• “One of the key things we are learning is to come up with robust and comprehensive strategies that are all aimed at reducing instances of this nature. One big challenge, in particular, has been the lack of community support structures that can foster gender equality services.” 

As Act4Africa continues to work toward transformative changes, the organization is also providing girls with vital resources, such as food, hygiene supplies, and learning packages.

Sarah reported major breakthroughs across women-led teams in Rwanda 

Only three out of five people worldwide have access to basic handwashing facilities, which means that a significant proportion of the population can’t take a key COVID-19 prevention measure. Global Water Challenge is working to change that by advancing gender equality through clean water access in Rwanda. 

This local women-led project is making women’s lives easier by reducing the time they spend collecting water, which gives them more time for education and economic pursuits. Unfortunately, the gendered impacts of COVID-19 have negatively affected women and girls. Despite the challenges, Sarah shares, 

  • “We’ve seen an incredible turnaround, flexibility, and innovation in these women-led venture teams in Rwanda. A cohort of women-led teams has installed handwashing stations by the water access points, where they also provide COVID-19 prevention information. Many women have also pivoted their business model to making soap and other hygiene supplies for the communities they serve. They’ve also been able to open up subsidies for vulnerable communities who have lost employment due to the COVID-19 pandemic.” 

Ricky is tapping into new networks to keep peer-led health education alive

The COVID-19 pandemic has hit India hard and led to the widespread closure of in-person learning. But Ricky and his team at Adolescent Health Champions know that health education is more urgent and necessary than ever. To keep training girls as peer health educators in low-income schools outside of the classroom, Adolescent Health Champions significantly shifted their operations. 

  • “One of the proudest accomplishments we’ve had over the past six months is strengthening the role that youth play in helping us shape our strategy and vision. We’ve solidified and strengthened our youth advisory board, which consists of students at our schools across Mumbai, and they’ve been so instrumental in helping us shape our COVID-19 response. They’ve been working with us to transition in-person learning to virtual, co-design a new app, and help us develop a new curriculum, including a COVID-19 specific module.”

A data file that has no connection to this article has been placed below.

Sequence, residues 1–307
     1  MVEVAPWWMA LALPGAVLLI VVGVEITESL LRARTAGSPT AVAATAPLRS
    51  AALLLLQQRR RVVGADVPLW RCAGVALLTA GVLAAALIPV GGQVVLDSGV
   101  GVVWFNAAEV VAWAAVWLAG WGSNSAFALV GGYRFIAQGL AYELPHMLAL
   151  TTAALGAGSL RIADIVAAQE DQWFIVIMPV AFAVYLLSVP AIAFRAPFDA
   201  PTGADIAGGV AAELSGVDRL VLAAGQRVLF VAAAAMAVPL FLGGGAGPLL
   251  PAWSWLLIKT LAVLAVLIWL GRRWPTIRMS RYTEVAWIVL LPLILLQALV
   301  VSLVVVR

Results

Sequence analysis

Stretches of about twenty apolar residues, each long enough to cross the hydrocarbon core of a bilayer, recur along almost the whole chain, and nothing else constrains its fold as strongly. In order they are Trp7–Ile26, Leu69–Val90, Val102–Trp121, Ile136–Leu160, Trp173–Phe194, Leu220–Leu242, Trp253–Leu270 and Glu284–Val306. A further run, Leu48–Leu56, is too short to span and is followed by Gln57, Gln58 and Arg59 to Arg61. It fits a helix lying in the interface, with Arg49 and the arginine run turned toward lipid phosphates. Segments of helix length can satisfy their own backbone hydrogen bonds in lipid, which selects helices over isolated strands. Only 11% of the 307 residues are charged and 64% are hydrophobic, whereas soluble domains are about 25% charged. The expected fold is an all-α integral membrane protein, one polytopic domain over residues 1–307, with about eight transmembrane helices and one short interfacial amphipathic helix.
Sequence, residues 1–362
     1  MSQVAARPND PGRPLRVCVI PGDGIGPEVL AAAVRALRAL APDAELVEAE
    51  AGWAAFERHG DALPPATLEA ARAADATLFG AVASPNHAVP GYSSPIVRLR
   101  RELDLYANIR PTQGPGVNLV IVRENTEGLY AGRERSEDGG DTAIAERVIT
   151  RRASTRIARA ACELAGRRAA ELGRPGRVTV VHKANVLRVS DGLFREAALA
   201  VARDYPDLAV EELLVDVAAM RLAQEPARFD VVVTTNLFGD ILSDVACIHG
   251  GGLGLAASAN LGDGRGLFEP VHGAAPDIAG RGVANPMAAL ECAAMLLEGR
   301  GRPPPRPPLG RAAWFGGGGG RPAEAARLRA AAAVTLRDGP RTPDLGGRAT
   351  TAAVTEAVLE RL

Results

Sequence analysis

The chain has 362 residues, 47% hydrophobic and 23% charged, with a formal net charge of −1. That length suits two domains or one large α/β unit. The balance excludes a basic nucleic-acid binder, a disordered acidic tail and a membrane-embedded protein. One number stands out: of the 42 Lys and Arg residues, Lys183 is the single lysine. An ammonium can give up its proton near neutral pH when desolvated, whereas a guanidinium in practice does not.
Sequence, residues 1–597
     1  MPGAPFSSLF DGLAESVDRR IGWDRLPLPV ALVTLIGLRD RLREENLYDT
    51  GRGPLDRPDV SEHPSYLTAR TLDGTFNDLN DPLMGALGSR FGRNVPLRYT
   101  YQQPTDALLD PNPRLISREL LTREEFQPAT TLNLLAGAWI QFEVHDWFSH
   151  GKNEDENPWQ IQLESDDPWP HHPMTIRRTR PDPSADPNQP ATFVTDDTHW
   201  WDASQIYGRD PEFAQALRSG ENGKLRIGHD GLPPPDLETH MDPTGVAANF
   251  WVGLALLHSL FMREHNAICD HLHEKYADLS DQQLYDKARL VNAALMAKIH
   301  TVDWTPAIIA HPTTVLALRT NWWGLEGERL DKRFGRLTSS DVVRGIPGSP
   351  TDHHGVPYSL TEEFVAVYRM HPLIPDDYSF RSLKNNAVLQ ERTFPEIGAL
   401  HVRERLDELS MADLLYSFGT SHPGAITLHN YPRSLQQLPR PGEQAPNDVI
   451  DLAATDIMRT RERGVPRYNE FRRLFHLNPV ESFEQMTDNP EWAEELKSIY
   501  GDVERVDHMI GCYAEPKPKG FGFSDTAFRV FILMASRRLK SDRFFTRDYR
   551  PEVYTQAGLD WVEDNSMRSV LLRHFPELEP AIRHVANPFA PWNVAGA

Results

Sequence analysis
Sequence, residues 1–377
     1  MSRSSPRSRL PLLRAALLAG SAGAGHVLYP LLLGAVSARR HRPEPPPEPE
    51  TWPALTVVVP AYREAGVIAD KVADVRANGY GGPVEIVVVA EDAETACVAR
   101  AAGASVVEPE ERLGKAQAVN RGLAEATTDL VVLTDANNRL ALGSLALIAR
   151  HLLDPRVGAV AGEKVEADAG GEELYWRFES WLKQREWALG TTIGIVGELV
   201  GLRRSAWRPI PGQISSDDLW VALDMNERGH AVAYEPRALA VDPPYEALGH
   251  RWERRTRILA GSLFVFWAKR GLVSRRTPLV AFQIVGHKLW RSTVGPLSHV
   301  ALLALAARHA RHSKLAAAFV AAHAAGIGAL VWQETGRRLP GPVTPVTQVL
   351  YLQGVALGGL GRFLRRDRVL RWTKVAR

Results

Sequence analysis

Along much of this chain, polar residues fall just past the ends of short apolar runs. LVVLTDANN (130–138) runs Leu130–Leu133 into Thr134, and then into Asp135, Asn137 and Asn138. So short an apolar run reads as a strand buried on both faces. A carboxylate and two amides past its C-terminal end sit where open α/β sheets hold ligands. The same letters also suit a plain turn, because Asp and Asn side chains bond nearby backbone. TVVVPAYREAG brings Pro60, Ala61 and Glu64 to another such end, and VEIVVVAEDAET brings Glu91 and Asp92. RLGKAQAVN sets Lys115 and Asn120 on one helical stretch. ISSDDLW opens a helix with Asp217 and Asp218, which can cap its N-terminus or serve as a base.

These are only a few of the inspiring stories we heard at the webinar, and I invite you to check it out for yourself. Because of generous donors like you, organizations have been able to turn obstacles into opportunities, and ideas into realities for thousands of women and girls around the world. I look forward to keeping you updated about all the exciting things happening with the Girl Fund cohort in the coming months.

With Gratitude,

Sami + the GlobalGiving Team

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Location: Washington, D.C. - USA
EIN: 30-0108263

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About GlobalGiving’s Disaster Response

When a disaster strikes, recovery efforts led by people who live and work in affected communities are often overlooked and underfunded. GlobalGiving is changing this reality. Since 2004, we've been shifting decision-making power to crises-affected communities through trust-based grantmaking and support.

We make it easy, quick, and safe to support people on the ground who understand needs in their communities better than anyone else.

They were there long before the news cameras arrived, and they’ll be there long after the cameras leave. They know how to make their communities more resilient to future disasters, and they’re already hard at work. GlobalGiving puts donations and grants directly into their hands. Because the status quo—which gives the vast majority of funding to a few large organizations—doesn’t make sense.